Algae control depends on what kind of algae you are dealing with. Generally speaking, you know you have algae because the water turns green or there’s lots of green stringy stuff in the water. Pretty simple – right? While there can be exceptions to the following thumb rules, the following will eliminate the majority of problems.
Every pond, no matter how large, small or landscaped is going to have to deal with algae
There are three kinds of algae and dealing with it depends on which kind you have.
Floating Algae Control
Causes of Floating Algae that turn your water garden green
1) Too many fish or too much food.
The solution is to stop feeding the fish and/or get rid of some fish.
That seemed simple didn’t it? A pond will support 1 inch of fish per square foot of pond surface. e.g. 4X8 foot pond is 32 square feet, therefore you get 32 inches of fish. This is 8 four inch goldfish or 32 one inch goldfish. Big goldfish doing what big goldfish do – you always end up with more fish than your pond can tolerate. I note that I don’t feed my fish at all – they get what lands on the pond or what algae they can scrape off. Great colours in the fish and not too many new babies.
2) Not enough oxygenating plants
One bundle of oxygenators per 2 or 3 square feet of open exposed space not covered by plant or lily leaves. You should cover 65-70% of your pond surface with plant leaves. Divide uncovered square footage by 2. Buy that number of oxygenator bundles for effective algae control. In deciding, it is always better to have too many than too few oxygenators.
3) Too much waste on bottom.
Well, the solution to this seems pretty obvious, even to a guy. Remove the water and clean the bottom. The easiest way to do this is to put the pump at the lowest level of the pond, hook up a discharge hose to it and start it running. When the water gets low enough, you can use a pressure nozzle to wash the gunk to the bottom (suspended in the pond water) where the pump will remove it via the hose.
4) Chemical fertilizers in ponds
Why anyone would use a lot of chemical fertilizer in ponds is beyond me anyway. If you use pond tabs, bury the darn things a few inches down in the mud of your plant tubs. Better still, do as I now do and pack compost into the bottom 2-3 inches of your plant pot, then put in the heavy clay soil for your lily, then put in the lily. You won’t believe the root growth this will produce. Did someone say “Huge Flowers”?
5) Excessive movement of water.
I know you like moving water and I know the nice salesman said it was ok to have moving water in your lily pond BUT the real truth is that lilies HATE moving water and Niagara Falls is not a good comparison for the water movement in your pond. Slow it down or lose the plants to the green goop.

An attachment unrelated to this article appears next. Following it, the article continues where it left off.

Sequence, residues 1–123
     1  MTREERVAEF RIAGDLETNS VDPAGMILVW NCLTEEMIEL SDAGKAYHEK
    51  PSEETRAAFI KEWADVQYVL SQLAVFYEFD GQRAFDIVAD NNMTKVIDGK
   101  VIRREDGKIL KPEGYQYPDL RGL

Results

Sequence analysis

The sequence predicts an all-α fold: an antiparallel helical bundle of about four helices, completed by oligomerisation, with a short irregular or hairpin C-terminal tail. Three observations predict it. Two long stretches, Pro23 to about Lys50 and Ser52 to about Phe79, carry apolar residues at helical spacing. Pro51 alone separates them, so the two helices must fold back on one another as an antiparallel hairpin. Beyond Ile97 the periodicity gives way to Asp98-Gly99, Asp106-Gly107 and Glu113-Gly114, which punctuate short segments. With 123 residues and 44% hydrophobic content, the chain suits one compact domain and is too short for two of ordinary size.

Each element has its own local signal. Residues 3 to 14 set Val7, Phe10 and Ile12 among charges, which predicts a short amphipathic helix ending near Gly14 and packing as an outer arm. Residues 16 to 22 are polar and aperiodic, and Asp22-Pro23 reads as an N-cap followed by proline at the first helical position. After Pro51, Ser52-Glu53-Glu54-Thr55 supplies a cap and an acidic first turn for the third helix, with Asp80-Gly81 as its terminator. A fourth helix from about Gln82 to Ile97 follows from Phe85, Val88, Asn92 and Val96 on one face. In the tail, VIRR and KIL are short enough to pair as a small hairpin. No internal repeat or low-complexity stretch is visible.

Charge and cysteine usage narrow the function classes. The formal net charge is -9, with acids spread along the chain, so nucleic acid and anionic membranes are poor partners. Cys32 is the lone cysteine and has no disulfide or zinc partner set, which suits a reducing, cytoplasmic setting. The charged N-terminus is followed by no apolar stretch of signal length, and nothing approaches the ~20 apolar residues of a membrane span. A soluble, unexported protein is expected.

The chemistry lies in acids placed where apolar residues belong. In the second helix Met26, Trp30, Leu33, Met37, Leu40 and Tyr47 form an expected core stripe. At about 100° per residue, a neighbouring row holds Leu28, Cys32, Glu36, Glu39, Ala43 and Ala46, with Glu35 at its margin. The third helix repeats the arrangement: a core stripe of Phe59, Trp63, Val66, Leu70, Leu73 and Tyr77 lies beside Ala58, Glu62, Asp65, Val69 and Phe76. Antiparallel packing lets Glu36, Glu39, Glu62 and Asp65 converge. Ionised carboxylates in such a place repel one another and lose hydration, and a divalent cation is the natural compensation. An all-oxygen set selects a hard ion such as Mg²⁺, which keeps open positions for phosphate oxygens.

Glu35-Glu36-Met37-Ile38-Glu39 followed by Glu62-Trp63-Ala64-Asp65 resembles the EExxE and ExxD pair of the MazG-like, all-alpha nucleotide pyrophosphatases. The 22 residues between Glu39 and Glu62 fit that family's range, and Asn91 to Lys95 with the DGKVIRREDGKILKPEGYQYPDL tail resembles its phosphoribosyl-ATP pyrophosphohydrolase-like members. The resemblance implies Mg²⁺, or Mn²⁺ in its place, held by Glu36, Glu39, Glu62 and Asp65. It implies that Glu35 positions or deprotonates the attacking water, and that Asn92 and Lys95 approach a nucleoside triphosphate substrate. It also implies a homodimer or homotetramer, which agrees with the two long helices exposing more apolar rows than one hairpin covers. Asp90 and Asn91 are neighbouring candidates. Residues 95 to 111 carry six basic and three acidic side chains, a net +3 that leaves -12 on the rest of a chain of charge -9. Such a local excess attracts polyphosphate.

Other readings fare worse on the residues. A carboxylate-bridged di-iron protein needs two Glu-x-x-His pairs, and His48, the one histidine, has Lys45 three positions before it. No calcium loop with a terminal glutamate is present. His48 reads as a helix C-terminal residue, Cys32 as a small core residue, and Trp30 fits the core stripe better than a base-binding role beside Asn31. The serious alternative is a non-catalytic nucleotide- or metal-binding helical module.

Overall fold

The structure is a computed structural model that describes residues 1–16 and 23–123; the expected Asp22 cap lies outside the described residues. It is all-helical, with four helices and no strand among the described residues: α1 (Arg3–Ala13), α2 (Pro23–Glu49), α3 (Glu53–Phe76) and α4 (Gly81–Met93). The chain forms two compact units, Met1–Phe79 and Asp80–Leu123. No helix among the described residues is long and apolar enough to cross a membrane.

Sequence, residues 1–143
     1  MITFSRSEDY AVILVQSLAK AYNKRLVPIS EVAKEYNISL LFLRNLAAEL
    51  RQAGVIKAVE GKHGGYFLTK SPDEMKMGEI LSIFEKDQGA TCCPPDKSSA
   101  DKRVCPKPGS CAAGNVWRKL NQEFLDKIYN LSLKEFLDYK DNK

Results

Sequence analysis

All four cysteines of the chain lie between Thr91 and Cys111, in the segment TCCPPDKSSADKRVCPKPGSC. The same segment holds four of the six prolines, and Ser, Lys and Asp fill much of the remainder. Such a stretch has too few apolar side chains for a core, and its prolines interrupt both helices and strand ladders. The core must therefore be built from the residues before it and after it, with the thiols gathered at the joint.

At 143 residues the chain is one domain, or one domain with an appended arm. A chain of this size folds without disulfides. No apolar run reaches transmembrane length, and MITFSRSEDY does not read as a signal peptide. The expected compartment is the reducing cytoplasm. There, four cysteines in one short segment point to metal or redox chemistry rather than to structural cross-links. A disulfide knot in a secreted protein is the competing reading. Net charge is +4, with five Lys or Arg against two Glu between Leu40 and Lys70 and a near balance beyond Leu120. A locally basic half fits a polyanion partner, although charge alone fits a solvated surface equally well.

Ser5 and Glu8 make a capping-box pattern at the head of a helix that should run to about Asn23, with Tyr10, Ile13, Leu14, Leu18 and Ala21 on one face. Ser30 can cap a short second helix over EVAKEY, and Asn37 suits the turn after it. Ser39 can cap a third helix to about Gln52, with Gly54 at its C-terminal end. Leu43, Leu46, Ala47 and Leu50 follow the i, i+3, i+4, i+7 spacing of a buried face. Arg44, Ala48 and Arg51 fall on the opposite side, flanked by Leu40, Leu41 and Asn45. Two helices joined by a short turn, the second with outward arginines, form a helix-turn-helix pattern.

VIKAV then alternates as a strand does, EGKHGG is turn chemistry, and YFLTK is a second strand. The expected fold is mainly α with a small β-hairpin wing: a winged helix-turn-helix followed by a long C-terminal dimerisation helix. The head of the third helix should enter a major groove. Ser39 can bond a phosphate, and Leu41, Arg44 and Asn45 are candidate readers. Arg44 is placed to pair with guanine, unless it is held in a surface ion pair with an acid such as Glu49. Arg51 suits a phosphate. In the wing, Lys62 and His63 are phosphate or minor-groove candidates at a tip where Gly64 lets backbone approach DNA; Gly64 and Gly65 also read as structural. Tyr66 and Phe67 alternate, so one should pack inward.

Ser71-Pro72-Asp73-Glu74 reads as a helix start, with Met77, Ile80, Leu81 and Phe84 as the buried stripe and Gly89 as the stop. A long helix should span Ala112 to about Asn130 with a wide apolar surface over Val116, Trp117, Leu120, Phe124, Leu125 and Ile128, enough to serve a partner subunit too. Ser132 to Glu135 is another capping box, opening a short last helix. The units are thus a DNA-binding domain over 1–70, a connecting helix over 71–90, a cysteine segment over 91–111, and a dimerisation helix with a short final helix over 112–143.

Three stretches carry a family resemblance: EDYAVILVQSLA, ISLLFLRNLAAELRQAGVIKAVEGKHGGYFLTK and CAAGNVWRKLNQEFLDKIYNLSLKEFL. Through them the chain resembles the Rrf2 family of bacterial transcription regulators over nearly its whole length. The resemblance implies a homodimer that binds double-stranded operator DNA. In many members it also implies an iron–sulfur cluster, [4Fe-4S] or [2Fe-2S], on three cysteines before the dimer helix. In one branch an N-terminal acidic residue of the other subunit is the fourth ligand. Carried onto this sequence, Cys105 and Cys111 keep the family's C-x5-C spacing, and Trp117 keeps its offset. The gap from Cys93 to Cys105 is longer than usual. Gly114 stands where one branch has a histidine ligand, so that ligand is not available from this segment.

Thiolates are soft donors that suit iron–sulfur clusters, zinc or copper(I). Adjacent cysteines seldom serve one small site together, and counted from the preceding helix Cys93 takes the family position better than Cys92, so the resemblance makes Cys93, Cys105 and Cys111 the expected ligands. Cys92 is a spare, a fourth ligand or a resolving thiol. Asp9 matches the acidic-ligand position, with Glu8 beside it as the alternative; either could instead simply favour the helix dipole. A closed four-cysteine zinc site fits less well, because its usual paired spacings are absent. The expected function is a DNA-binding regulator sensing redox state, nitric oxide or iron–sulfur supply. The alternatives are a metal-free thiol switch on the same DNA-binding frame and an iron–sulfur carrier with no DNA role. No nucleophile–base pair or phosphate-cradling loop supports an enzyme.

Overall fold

Filamentous Algae Control
Strings of algae clog up filter and hang off plants in long threads.
Scoop out with stick by twisting and twirling stick in water. Usually caused by too much organic matter in the water and its a common problem, what with all the plants dying and decomposing and fish mucking about and all. Luckily twirling with a stick gets most of it without hassle. Gives you a reason to muck about with the pond on a hot summer day. Filamentous algae is hard to totally eliminate once established. It is a maintenance thing – twirling the stick to pull it out is one of the easiest garden chores.
Moss Algae Control
How to identify: its the slippery stuff on sidewalls and rocks.
LEAVE IT ALONE. Its a good guy and algae control is NOT needed.
This kind of algae provides 50% of dissolved oxygen in water. That is the fast and dirty manual on the three forms of algae and algae control in the pond. It is pretty basic pond care actually and algae control is not all that difficult with a little attention and patience. All water turns green initially in the spring or on first filling, but if you balance your pond ecology with enough oxygenators and surface coverage, it will all turn nice and clear within a week or so.
Big chunks of floating algae are not very nice to have in your pond
Here’s the real way to control algae with barley straw (and yes it works if you do it correctly)
UV Pond Lighting
UV Lights for ponds really do work and are an accepted way to keep the water clear in many non-plant ponds
You’ll see this recommended for commercial ponds but don’t try it at home (and here’s why)
Composting String Algae
I know I can but I want to know how to compost string algae
Beneficial bacteria are important if you want to get a quick start on water clarity in the spring
Brown water is an algae problem and here’s the info you’re looking for
Blanket weed is another name for string algae and here’s some information you may need to control it
Oxygenating plants, in the right proportion, keep the water clear